This morning I had to restart my windows 7 computer due to a security patch. As it was restarting, all the icons on the desktop appeared, then turned white and then the original images started reappearing. This is a common phenomenom after a restart and I've seen it other times (such as when I minimize all my windows). Can someone explain how this happens?
This seems like you may have a lot of start-up processes and services starting up all at the same time. This is both very CPU and memory-intensive. So when Explorer is initializing, it is sharing the load, and Explorer and the svchost services associated with it likely take up the most resources. A few things you could do:
Adding more RAM may help a little, but remember: anything is as fast as the slowest link, so if the processor can't buffer more than what you add, you'd be wasting money
It's the intial load of your desktop by the OS, then a refresh. There could have been a process running in the background, and then terminated, which could have caused a refresh.
This is a common issue that you'll see with windows refreshing the desktop. You normally see this on slower machines that can't satisfy the resource requirements of "explorer.exe". While there are some minor fixes you can implement, they really don't do a whole lot to prevent this.
Is this behavior something relatively new? When you first install windows, this refresh should be so fast that you can't perceive it. As you install software, additional startup processes, services, and desktop icons are added to your machine. Each one adds a few more cycles to the refresh time of your desktop. IT will eventually hit a point where you can now notice the refresh happening.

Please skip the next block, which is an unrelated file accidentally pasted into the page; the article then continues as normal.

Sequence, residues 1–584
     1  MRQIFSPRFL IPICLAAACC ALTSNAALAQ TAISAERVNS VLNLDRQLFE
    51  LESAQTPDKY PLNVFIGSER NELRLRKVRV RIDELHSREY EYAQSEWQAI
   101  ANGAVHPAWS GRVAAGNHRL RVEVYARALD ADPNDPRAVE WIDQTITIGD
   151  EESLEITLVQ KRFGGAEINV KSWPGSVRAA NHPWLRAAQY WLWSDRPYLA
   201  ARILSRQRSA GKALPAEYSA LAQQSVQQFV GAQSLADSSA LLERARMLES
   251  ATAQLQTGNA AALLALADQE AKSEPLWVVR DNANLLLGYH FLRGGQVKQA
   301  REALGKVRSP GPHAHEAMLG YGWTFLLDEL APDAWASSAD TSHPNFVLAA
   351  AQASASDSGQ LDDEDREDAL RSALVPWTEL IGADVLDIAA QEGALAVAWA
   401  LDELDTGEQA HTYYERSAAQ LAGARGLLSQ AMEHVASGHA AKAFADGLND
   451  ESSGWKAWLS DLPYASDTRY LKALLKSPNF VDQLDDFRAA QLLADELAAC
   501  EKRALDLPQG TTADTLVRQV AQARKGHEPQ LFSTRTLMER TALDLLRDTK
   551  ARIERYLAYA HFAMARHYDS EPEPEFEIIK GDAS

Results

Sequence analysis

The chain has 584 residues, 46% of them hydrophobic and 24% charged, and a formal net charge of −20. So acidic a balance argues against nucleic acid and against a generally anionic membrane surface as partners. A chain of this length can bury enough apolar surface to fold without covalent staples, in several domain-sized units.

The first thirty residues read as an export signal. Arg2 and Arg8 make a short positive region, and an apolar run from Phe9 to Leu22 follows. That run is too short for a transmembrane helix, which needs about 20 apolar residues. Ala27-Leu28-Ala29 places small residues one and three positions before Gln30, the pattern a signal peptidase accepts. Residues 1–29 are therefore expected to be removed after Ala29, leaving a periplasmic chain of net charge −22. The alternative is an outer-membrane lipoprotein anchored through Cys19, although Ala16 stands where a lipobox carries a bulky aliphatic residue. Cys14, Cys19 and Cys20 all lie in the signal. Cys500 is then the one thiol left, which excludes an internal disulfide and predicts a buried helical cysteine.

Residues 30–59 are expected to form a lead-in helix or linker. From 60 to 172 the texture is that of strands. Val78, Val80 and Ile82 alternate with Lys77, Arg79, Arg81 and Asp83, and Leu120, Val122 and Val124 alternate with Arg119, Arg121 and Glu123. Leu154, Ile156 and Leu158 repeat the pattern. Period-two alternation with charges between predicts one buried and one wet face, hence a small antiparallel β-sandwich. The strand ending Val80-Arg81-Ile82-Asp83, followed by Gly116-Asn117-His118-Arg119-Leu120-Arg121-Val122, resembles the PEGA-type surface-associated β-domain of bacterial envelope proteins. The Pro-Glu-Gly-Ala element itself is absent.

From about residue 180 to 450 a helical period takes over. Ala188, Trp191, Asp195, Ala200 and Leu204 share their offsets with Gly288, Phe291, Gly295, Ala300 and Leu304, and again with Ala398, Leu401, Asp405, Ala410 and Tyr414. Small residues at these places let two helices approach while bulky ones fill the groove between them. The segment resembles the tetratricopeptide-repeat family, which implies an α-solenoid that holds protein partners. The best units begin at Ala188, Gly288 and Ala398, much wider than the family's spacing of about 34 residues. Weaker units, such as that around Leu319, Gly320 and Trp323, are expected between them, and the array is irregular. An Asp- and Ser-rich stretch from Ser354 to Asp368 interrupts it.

So how do you "fix" this? You have three options:
1) Use tools like MSCONFIG to limit the number of processes that start at launch. This frees up system resources for explorer to use to speed up the desktop load.
2) Reduce the number of icons on the desktop. This minor "fix" reduces the number of items explorer has to look at to refresh the page.
3) Upgrade your computer. Depending on the system you have, you might have low performing hardware that is slowing down your system. It can be hard to determine what to upgrade without knowing what is being slow.
If you decide to take the upgrade route, here is my recommendation of the order to upgrade in.
1) Look at the amount of system memory you have. If it is less than 2GB, add memory. This is probably the cheapest and easiest thing you can do.
2) Purchase an SSD hard drive for your system. You can get 120GB for less than $200 nowadays and it make a big difference. Make sure to do your research before you buy. You will have to reinstall windows which might solve this problem outright.
3) CPU and Motherboard. If your CPU is more than 4 years old, you might think about an upgrade.